One thing Congress should do before Christmas is repeal or delay the Alternative Minimum Tax (AMT). If we don’t, when April taxes are due, about 25 million Americans – many of them middle class – will have to send an average $2,000 more to Washington.
The AMT proves the old saying that once government initiates a tax, even a “targeted” one, it just gets bigger and out of control, like a wildfire.
AMT was created in the late 1960s, specifically to cover 155 wealthy Americans who were using exemptions and loopholes to avoid paying any taxes. The AMT was needed to bring fairness to the tax code.
But Congress didn’t index AMT for inflation, and for almost 40 years the AMT bar has been going lower and lower. With each passing year, AMT will hit more and more working taxpayers, robbing them of legitimate tax deductions.
Very powerful tax-and-spend liberal AMT advocates in Washington for years have pushed to see this tax continue unabated. We conservatives have managed to fend off the AMT temporarily for decades, passing temporary “patches” numerous times. At intervals, we’ve passed patches delaying the AMT for one or more years at a time to shield middle class taxpayers for the time being.
In the 1990s, Congress did what was needed all along – repealed the AMT completely. But President Bill Clinton vetoed that bill. Since then, we’ve had to revert to patching the AMT annually, keeping it a step away from middle income taxpayers.
Why is this year different? Because the latest AMT patch is way overdue.
Until now Congress had never waited beyond May in any year to implement an AMT patch. Now we’re in December, and the U.S. Department of the Treasury and the IRS both have issued stern warnings to Congress about the pending implications of failing to pass a new AMT patch.
These agencies say if we fail to act on the AMT, many working Americans will face either new taxes or delayed refunds in April. A lot of people will be shocked to find that their next tax bill is so much greater and more complex than last year’s. At the same time, many Americans will be wondering where their long-anticipated refunds are.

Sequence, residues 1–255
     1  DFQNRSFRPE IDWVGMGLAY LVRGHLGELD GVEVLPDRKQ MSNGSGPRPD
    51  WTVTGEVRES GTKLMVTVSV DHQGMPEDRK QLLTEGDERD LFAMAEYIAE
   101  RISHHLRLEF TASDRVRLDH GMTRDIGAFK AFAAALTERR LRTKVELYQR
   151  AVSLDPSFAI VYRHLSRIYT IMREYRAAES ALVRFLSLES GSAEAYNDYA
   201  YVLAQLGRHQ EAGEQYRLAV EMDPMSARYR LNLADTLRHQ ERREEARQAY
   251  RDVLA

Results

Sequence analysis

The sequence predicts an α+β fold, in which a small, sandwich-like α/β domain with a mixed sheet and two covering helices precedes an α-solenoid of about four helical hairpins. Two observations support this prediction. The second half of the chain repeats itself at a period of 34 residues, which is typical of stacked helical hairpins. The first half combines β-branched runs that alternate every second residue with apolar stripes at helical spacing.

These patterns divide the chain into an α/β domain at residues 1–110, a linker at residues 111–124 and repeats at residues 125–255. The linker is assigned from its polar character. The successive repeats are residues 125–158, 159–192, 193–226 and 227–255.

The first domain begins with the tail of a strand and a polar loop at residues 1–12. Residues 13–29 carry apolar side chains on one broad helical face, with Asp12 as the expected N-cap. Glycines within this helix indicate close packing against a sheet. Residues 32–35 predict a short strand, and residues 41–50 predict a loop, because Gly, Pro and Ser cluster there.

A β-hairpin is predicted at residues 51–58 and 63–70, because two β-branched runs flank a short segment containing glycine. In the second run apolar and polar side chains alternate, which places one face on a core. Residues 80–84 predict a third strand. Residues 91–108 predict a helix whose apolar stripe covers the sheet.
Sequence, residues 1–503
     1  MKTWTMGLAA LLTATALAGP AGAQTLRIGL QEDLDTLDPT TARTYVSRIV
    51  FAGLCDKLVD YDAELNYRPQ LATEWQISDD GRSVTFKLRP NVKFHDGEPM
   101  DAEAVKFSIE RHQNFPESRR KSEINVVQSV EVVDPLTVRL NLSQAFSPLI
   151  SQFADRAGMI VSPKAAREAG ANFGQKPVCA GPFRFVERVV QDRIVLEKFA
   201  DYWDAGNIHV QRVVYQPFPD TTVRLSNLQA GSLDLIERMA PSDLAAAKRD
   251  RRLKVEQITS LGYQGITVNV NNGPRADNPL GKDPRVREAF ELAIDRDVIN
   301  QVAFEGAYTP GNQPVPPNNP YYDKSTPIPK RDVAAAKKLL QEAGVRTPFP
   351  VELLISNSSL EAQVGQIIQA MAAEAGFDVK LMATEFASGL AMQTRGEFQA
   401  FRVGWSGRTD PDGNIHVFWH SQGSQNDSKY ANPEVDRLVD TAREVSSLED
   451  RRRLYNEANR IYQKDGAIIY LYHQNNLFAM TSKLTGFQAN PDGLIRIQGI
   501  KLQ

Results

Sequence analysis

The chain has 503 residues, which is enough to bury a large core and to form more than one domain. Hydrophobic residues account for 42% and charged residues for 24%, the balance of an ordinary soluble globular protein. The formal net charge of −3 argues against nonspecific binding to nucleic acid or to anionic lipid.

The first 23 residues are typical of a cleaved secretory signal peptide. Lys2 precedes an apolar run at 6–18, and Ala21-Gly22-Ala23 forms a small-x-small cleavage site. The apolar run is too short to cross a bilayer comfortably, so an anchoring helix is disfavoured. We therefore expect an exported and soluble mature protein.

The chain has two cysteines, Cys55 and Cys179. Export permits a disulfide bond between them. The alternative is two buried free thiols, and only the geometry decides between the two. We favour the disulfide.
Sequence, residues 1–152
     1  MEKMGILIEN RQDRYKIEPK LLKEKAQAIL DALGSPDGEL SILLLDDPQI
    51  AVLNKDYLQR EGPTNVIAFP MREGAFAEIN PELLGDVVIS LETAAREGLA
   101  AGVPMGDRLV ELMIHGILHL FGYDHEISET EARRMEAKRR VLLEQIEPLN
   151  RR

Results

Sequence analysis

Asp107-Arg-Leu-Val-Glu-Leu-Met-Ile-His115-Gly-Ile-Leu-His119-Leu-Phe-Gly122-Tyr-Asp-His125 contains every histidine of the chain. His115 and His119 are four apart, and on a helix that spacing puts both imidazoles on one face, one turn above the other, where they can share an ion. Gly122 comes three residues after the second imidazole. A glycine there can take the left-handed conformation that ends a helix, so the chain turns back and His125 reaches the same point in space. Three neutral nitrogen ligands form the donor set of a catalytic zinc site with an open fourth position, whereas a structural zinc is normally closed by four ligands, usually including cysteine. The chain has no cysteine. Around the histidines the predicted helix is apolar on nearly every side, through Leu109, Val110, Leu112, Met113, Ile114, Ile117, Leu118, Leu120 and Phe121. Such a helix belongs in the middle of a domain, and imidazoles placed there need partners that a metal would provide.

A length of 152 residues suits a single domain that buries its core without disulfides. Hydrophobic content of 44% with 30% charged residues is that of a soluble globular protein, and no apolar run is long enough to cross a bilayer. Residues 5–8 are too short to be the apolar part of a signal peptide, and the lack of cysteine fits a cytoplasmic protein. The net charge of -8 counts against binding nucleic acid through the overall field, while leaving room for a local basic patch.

“When it comes to patching the Alternative Minimum Tax, members of Congress are like a bunch of kids,” the Des Moines Register editorial board said. “They’ve been repeatedly warned about what will happen if they fail to act, but they don’t listen.”
That’s so true. This procrastination, this inattention to the American people and their wise counsel is one reason Congress’ approval rating is so low right now. Short of the political discipline needed to pass an outright AMT repeal, for 40 years we’ve at least kept the AMT at bay with band-aid approaches. Now we don’t even seem willing to apply the band-aid.
Though the Senate has overwhelmingly passed an AMT patch without conditions, the House has yet to act, and many liberal Members are still resisting.
In the end, I believe we’ll get another patch. No one in Washington – not even the most ardent tax-and-spend Member of Congress – really wants AMT to fully ignite and start scorching American pocketbooks like it could. That would trigger a severe and rightful rebuke from taxpayers.
Congress should have extinguished the AMT years ago. But short of that, the American people want us to keep protecting working taxpayers from this tax. Congress should stop acting like kids, foolishly ignoring experienced advice and playing with dangerous political fire. We should douse the AMT before it burns any more hard-working American taxpayers.
Senator Lott welcomes any questions or comments about this column.
Write to: U.S. Senator Trent Lott, 487 Russell Senate Office Building, Washington, D.C. 20510 (Attn: Press Office) or Email